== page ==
]. A series of n-of-1 trials can complement large, clinical trials by facilitating assessment of variability of efficacy, or identification of differences in efficacy by subgroups, which may not be apparent when using cohort designs (in which each participant receives only one intervention) [
      • Schork N.J.
      Time for one-person trials.
      ]. These studies can be quicker to implement as well, often accommodating greater flexibility with treatment duration and eligibility criteria; however, standardization of the dose, as well as of treatment duration and number of treatments, facilitates easier combination of individual results from separate n-of-1 studies.
      Bayesian hierarchical models and mixed regression models have been proposed to consolidate results across a series of n-of-1 trials [
      • Zucker D.R.
      • Ruthazer R.
      • Schmid C.H.
      Individual (N-of-1) trials can be combined to give population comparative treatment effect estimates: methodologic considerations.
      ,
      • Zucker D.R.
      • et al.
      Combining single patient (N-of-1) trials to estimate population treatment effects and to evaluate individual patient responses to treatment.
      ]; and both such models have been successfully implemented in this issue of the Journal to evaluate the utility of the CFTR potentiator ivacaftor to treat people with CF carrying CFTR mutations outside those included in its original, intended scope [
      • Nick J.A.
      • et al.
      Ivacaftor in cystic fibrosis with residual function: lung function results from an N-of-1 study.
      ]. In general, Bayesian models can provide an updated estimate for the efficacy of an intervention both at the population and the individual level (per participant), either incorporating information from previous studies or using an agnostic approach (uninformative prior distribution). Bayesian designs are ideally suited to refine estimates as information accrues; and because they do not incorporate statistical testing per se, they are not prone to spurious significance from repeated statistical testing [
      DEcIDE Methods Center N-of-1 Guidance Panel
      ].
      Potential dangers of n-of-1 trials include the temptation to conduct statistical testing per study participant, and to report that finding as though potentially meaningful outside of that participant. Increasing the number of repeated experimental periods may reduce the potential for confounding due to other time-varying, non-intervention-related factors such as disease course. However, single patient trials lack a primary source of essential variation in clinical trials, that of biological or host variation. Therefore, no number of sequential repetitions of experimental conditions within a single individual in an-of-1 trial will permit the extrapolation of those individual findings to others, except as can be derived from their use as a prior distribution in further studies on additional individuals. Additionally, n-of-1 trials require care with regard to elements relevant to any randomized, crossover trial such as: a) variation in the order of interventions to avoid time-dependent confounding, thoughtfulness about potential for carryover when choosing a washout period, consideration of multiple comparisons when multiple outcomes are assessed, and adequate blinding to avoid perception bias [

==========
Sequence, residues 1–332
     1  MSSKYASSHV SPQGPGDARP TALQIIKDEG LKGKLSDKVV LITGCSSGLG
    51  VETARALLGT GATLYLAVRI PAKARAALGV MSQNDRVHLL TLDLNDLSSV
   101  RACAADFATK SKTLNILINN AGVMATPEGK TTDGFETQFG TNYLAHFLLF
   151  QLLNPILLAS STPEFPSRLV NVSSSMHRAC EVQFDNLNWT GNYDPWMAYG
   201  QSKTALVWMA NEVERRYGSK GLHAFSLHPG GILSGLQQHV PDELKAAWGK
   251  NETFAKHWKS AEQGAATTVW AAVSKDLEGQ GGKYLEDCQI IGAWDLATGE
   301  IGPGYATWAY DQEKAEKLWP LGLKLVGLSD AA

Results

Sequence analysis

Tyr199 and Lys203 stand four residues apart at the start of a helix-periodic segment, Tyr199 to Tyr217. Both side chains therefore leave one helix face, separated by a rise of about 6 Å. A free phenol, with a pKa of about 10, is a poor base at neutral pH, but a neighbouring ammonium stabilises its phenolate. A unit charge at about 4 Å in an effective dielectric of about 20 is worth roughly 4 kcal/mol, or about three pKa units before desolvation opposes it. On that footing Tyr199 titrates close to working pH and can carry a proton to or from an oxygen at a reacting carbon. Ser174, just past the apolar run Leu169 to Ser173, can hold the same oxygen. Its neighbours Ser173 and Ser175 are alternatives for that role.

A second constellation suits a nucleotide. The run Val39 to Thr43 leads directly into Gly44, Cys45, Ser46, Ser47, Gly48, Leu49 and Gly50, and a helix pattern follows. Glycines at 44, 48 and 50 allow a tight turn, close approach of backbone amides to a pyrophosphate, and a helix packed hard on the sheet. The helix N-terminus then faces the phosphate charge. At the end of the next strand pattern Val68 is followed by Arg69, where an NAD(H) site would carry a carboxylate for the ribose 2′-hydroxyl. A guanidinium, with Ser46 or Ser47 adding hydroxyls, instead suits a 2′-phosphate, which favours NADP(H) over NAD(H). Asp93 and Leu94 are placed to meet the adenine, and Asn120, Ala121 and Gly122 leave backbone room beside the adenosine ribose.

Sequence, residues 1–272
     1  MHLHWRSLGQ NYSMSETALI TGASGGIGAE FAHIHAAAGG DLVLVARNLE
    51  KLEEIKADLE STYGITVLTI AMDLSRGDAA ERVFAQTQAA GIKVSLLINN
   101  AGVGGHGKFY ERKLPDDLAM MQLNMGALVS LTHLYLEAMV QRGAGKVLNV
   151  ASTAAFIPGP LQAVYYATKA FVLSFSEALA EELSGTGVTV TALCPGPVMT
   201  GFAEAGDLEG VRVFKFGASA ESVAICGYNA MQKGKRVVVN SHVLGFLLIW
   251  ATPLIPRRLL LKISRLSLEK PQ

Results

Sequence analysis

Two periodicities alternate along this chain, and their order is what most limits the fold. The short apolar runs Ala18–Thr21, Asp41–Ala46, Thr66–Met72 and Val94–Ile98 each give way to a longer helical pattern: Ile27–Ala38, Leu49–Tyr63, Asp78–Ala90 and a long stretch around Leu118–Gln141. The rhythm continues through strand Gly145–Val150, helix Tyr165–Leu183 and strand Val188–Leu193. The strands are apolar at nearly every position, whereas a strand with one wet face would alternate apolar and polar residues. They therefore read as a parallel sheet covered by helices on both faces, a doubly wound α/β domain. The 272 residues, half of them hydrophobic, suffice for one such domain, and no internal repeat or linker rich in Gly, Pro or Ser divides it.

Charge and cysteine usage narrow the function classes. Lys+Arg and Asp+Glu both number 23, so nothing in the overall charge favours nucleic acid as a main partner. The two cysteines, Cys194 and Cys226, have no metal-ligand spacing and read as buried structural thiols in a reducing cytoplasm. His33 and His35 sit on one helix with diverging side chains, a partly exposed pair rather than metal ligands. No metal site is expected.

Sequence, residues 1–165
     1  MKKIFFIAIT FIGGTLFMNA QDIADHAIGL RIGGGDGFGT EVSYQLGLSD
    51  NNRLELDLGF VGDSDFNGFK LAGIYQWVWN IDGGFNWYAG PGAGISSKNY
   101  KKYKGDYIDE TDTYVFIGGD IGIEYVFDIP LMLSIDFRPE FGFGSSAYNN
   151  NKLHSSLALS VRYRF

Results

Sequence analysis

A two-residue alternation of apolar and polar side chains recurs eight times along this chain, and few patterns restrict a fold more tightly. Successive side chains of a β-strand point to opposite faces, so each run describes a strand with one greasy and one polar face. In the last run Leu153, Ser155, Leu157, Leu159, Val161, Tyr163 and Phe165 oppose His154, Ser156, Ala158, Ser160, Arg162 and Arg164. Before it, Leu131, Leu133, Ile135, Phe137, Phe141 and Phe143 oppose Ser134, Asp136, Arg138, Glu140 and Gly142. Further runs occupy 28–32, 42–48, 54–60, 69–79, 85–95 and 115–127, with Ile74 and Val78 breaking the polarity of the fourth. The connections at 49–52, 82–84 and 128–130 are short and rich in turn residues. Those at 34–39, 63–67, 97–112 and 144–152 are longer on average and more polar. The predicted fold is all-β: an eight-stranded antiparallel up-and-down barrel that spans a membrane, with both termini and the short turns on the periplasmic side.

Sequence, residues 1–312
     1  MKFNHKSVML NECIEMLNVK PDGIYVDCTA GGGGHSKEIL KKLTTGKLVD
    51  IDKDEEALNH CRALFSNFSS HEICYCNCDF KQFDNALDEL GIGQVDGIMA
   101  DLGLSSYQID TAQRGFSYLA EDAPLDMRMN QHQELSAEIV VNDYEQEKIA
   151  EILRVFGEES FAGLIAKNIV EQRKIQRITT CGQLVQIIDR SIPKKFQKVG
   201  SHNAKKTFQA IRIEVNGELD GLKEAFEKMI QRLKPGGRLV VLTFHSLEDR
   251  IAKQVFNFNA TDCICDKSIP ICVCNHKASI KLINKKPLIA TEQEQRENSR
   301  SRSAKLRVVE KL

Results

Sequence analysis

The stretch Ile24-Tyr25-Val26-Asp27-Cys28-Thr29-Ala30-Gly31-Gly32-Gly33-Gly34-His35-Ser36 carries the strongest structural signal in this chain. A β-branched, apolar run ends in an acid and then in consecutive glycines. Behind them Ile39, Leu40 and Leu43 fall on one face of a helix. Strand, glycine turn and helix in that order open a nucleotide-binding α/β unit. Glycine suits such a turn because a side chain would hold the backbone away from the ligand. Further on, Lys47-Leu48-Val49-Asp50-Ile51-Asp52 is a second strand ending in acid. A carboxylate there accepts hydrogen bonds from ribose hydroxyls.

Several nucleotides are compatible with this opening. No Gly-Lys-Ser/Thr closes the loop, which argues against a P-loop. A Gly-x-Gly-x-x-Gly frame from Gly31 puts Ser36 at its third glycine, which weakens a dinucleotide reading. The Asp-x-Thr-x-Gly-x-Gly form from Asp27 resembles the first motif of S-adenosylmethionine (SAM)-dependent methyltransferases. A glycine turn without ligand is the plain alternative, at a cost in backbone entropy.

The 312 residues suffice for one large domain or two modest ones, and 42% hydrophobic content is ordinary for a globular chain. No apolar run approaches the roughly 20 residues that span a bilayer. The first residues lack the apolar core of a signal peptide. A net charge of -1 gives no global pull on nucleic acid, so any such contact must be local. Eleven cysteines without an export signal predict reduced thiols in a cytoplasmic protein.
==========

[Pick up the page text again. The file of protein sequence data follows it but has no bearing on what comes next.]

DEcIDE Methods Center N-of-1 Guidance Panel
      ].
      There is utility for a personalized approach in many clinical settings, particularly in the evaluation of therapeutic agents in cancer and in cystic fibrosis, where drugs were developed to target certain mutations and are not assumed to be widely beneficial. When rare mutations have no approved treatment, large scale clinical trials may not be feasible; and the evidence needed to expand a drug indication may be accordingly reduced, allowing room for n-of-1 trials to contribute to the totality of evidence [,
      U.S. Department of Health and Human Services
      Common issues in drug development: guidance for industry.
      ]. We expect to see more n-of-1 trials used to assess the effectiveness of previously-approved modulator therapies for CF populations with low-prevalence CFTR mutations. Indeed, a trend is emerging where funders (i.e., government and private insurers) are requesting evidence of benefit at the individual level before supporting expansion of access to expensive medications. It will be important as a community to understand the strengths and weaknesses of these approaches and to consider the potential benefits of standardization of n-of-1 modulator trial designs.

      Declaration of Competing Interest

      DRV has served as a consultant to CFTR modulator developers, including AbbVie, Concert, Galapagos, Flatley, and Vertex. ASM and NMH declare no competing interests.